Apache Karaf.log of the DC -proxy listener for Response listener:com.ca.im.dm.snmp.collector

Document ID : KB000030417
Last Modified Date : 14/02/2018
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Problem Description :

Customers from time to time notice the following error message in the Apache Karaf.log of the DC.

015-03-10 09:17:27,429 | WARN | Timer-2 | SnmpSession |m.ca.im.dm.snmp.snmp4j.SnmpProxy 188 | 197 -com.ca.im.data-collection-manager.snmp - 2.4.1.SNAPSHOT | | Cannot find proxy listener for Response listener:com.ca.im.dm.snmp.collector.TooBigListener@e437f22 for Request: GET[reqestID=26794671, errorStatus=0, errorIndex=50, VBS[ = Null; = Null; = Null; = Null; = Null; = Null; = Null; = Null; = Null; = Null; = Null; = Null; = Null; = Null]]

Reasons :

This is a warning message and can be seen in a couple of different conditions:

1)It is typically seen when a response comes in from a device beyond the timeout interval and the DC has already timed out that response. Given the default SNMP profile settings of 2 retries and 3 second timeouts, this would indicate a device is responding after 9 seconds, or that the DC is processing the request after 9 seconds.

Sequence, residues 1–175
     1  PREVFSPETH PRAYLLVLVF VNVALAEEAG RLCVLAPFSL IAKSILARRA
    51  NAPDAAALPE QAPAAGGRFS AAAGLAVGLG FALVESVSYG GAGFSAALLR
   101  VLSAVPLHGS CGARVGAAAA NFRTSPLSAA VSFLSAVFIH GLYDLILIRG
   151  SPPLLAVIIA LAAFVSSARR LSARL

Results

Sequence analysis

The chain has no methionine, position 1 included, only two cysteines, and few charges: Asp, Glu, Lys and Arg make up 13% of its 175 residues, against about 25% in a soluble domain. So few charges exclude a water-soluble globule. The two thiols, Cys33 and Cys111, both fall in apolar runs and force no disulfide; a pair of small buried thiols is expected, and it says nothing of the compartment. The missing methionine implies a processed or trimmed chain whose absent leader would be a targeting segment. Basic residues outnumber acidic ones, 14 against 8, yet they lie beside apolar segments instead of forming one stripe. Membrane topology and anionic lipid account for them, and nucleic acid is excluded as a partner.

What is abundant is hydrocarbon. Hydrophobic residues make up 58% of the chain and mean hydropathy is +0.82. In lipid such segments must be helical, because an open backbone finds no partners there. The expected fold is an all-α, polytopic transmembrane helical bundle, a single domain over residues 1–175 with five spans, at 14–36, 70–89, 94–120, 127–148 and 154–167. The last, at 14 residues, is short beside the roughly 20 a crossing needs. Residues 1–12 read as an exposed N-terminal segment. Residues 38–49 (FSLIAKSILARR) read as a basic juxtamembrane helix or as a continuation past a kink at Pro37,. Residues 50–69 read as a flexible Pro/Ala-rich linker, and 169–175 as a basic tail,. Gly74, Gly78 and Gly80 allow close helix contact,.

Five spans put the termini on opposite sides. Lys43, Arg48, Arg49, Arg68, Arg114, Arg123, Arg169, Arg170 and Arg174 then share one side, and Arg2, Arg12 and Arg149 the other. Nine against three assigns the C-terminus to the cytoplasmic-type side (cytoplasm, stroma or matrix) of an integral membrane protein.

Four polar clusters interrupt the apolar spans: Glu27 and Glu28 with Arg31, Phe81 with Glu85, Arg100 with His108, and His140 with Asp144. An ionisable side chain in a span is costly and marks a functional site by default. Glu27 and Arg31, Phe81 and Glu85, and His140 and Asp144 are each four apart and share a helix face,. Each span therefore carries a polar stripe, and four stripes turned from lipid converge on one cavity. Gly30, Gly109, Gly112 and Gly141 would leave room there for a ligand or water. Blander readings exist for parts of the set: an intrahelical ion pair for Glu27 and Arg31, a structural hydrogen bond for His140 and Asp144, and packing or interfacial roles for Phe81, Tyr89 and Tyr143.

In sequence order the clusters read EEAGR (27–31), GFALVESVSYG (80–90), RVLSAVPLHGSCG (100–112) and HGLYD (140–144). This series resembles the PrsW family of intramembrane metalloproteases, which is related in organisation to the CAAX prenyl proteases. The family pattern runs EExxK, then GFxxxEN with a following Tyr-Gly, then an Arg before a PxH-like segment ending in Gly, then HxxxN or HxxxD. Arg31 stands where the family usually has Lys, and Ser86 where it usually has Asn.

2) It could also be seen when the data collector receives a response to request # 2 (for the same requestID) after it has already processed response to request # 1. This message is kind of tricky - it is logged whenever we receive a response (SNMP) and the listener for the originating request has already been notified of the response earlier, and therefore has been been removed. When we issue snmp requests, we use a retry value of 2 (which means we would try three times in total for any request that was timing out) and a timeout of 3 seconds by default. We do end up re-using the request ID for the retries. If the original request goes out and the response does not come back in 3 seconds, (or comes back on the wire, but is not processed by the DC application within 3 seconds due to some delay), then we would re-send the request (assuming that it timed out). In this retry we will re-use the same request ID.

If after that 3 second time, the DC eventually began processing the first response, the asynchronous listener would  be notified and removed from a map. If the second response (response to the retry) then came in and was processed by the DC you could run in to the scenario where the retry's response comes back, and since the same request ID is used, we would end up logging that there was no listener for the response. Ultimately, the data has been processed by the DC but we might just have issued more than one request. The possible causes for this could be latency on the network for a given device, or the DC application processing latency that could even be caused by a large amount of polled items